If any cruelty emanates from the West, it is arguably in so far as the world city has triumphed over its culture. Spengler is endlessly eloquent on the megalopolis as an expression and cause of the decline: ‘Civilisations are… a conclusion … death following life, rigidity following expansion… an end, irrevocable, yet by inward necessity reached again and again’; ‘A handful of gigantic places in each Civilisation disfranchises and disvalues the entire motherland of its own Culture under the contemptuous name of “the provinces” [sc. ‘deplorables’]’; ‘These final cities are wholly intellect’ [cf. the inner-city elites].
For Spengler, the decline began with Napoleon, abated for a century, and was locked in by the First World War. For Great Britain specifically, Niall Ferguson in his book Empire: The Rise and Demise of the British World Order nominates the Boer War, with its monstrous suffering unthinkingly – yet no less culpably for that – inflicted on the Boers, as arguably the beginning of the end: ‘when Brailsford called it “a perversion of the objects for which the State exists, that the power and prestige, for which all of us pay, should be used to win profits for private adventurers”, he was not entirely wide of the mark.’ This tells us where the Rhodes Must Fall campaign is coming from, and they may indeed have a point, although this is not to justify their extremism.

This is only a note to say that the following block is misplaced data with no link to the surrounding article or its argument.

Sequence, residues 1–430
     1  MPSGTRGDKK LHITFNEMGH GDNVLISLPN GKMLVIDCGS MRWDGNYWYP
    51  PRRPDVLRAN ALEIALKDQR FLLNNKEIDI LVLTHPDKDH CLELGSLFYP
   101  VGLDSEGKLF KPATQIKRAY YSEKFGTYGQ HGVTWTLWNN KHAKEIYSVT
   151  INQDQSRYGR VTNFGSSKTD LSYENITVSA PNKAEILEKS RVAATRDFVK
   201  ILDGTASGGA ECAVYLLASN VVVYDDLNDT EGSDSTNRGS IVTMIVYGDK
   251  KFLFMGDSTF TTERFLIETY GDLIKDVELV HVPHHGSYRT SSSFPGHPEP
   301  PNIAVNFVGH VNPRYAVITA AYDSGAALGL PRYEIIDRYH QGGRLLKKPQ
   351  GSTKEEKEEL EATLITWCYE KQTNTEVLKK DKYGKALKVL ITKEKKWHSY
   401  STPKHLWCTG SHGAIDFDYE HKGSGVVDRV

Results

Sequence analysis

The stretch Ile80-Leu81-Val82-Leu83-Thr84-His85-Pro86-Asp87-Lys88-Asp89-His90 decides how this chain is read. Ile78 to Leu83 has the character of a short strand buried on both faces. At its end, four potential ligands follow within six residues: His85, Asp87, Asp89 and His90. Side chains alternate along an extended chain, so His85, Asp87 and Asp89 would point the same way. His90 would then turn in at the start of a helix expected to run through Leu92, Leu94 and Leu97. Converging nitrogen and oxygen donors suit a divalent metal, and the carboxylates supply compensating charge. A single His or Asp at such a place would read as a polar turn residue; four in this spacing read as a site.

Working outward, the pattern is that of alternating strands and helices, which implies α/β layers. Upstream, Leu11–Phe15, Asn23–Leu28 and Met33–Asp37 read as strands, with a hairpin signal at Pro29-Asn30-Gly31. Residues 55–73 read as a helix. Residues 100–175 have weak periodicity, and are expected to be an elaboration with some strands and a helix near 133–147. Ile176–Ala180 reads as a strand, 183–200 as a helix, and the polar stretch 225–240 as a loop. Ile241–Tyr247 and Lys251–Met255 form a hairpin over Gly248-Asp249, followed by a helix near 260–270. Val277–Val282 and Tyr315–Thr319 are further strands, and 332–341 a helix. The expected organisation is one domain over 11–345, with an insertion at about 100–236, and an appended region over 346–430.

In a similar vein, the Australian Irish poet Christopher Brennan, who wrote the patriotic poem ‘Irish to English’ in the midst of the Great War (‘Irish and rebel both/And both unto the end—/And here I pledge you troth/And here I stand your friend’), had vehemently opposed the Boer War, expressing his revulsion in the unjustly neglected sequence of poems The Burden of Tyre (1901). Brennan was for many years Associate Professor of German at Sydney University, but it was observed of him that he could have held with distinction the chairs of Greek, Latin, English, French, German, Italian or Philosophy. I suggest that the year of publication of his magnum opus Poems 1913 is significant. It was as if he summed up and transmuted into art a great deal of what is most important in Western culture, before its decline. One hopes that the Ramsay Centre will not neglect him.
We hear what the Ramsay Centre for Western Civilisation says in its name, but we know what they mean. The Centre would be well advised to rethink their name, for the sakes of Professor Coleborne and all the other orphans of their own culture.